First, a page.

Although there were significantly fewer divorces in the early nineteenth century than there are today, they nevertheless did exist. One of the earliest divorces on record in Monroe County is that of James and Ruth Scoby.
On August 24, 1824, the Monroe County sheriff was commanded to bring several witnesses to court to testify on behalf of James Scoby and his petition against Ruth. The witnesses included Samuel R. Cavin, George Hardesty, George Johnston and James Edwards.
According to an index of divorces available at the genealogy library in the Monroe County History Center, James was granted the divorce on March 7, 1825. The couple had one child together, an infant daughter named Eunice. Ruth was apparently given custody.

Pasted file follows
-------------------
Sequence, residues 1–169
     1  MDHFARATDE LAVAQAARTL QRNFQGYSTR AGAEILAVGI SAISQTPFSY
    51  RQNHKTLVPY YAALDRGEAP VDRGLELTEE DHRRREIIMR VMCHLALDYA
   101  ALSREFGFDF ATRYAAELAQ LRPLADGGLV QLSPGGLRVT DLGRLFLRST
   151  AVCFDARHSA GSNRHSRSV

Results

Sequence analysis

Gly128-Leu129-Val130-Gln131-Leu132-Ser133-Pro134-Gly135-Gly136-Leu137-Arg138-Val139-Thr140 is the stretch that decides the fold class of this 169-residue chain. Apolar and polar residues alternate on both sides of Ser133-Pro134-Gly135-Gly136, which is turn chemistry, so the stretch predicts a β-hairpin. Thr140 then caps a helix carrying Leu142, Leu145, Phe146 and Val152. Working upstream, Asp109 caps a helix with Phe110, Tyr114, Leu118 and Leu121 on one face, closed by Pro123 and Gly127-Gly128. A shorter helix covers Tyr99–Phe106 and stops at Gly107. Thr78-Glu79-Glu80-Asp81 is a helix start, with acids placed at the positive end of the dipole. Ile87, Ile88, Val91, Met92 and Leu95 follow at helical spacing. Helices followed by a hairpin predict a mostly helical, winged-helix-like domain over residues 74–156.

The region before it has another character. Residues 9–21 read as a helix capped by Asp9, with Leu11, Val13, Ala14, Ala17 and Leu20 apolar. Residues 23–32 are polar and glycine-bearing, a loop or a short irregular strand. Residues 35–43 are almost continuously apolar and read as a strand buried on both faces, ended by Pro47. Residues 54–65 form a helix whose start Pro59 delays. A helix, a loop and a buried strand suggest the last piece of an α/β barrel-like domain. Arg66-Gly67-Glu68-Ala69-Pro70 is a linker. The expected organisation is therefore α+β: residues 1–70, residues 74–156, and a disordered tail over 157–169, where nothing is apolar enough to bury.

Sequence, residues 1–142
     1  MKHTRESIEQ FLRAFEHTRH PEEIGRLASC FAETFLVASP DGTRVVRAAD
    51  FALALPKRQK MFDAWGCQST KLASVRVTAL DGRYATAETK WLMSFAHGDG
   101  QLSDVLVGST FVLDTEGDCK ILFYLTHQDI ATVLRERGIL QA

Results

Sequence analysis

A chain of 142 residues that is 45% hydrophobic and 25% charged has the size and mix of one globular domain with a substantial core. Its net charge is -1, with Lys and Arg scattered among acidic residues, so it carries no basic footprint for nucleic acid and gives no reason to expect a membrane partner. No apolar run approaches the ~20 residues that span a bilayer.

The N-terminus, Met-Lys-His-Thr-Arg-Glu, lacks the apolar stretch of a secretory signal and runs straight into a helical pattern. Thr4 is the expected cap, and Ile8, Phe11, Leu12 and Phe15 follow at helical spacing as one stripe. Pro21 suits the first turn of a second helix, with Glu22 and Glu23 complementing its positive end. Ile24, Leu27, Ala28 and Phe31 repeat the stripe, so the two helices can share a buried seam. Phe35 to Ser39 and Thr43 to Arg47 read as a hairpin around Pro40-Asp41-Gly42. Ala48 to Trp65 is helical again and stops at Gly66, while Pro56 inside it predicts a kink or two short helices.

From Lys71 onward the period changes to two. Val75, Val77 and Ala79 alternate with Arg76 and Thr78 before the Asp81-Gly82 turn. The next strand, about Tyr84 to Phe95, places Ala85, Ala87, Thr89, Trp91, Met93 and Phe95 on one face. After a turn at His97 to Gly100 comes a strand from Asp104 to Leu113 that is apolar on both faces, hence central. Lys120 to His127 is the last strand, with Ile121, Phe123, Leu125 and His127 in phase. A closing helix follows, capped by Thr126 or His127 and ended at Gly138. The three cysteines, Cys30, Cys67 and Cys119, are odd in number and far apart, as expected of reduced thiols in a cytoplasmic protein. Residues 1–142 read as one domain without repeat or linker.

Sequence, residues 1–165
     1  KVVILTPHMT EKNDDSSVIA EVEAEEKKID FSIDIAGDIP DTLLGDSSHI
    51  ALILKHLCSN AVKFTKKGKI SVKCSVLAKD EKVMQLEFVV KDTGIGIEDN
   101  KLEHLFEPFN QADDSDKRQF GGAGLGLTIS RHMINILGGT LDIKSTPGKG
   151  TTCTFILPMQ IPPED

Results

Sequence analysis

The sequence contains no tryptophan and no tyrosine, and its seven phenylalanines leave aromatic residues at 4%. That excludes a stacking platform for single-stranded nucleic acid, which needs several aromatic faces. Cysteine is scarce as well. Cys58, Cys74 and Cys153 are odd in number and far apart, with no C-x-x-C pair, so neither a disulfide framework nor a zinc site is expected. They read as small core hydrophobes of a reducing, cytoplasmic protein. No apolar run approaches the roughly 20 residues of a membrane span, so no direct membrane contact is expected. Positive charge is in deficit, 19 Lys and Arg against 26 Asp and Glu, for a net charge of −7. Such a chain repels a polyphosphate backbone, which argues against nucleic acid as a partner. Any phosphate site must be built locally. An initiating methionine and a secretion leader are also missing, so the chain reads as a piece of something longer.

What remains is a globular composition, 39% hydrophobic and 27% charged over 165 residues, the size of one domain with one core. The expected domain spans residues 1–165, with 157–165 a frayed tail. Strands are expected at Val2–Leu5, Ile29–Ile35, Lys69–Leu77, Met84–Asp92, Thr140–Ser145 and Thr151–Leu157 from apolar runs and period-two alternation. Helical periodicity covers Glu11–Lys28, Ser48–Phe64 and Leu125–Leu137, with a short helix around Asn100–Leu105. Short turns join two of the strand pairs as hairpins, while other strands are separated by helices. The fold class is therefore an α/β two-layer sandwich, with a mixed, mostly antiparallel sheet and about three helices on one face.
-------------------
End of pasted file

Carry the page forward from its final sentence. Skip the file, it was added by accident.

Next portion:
Following the divorce, James married again on October 3, 1826. His second wife was Rhoda Polly. Sometime thereafter, he brought Eunice to his home and refused to give her back to Ruth.
Understandably, Ruth was upset. She protested that she had rightful custody of Eunice and asked the court to intervene on her behalf. On August 8, 1827, the judge ordered the sheriff to bring James and Eunice to court so that James might explain, if he could, why he refused to return Eunice.
There is little more information than this in the circuit court file for James Scoby vs. Ruth Scoby. (See Circuit Court Records Box 5 at the Genealogy Library, Monroe County History Center, Bloomington, Indiana.)
Post by Randi Richardson.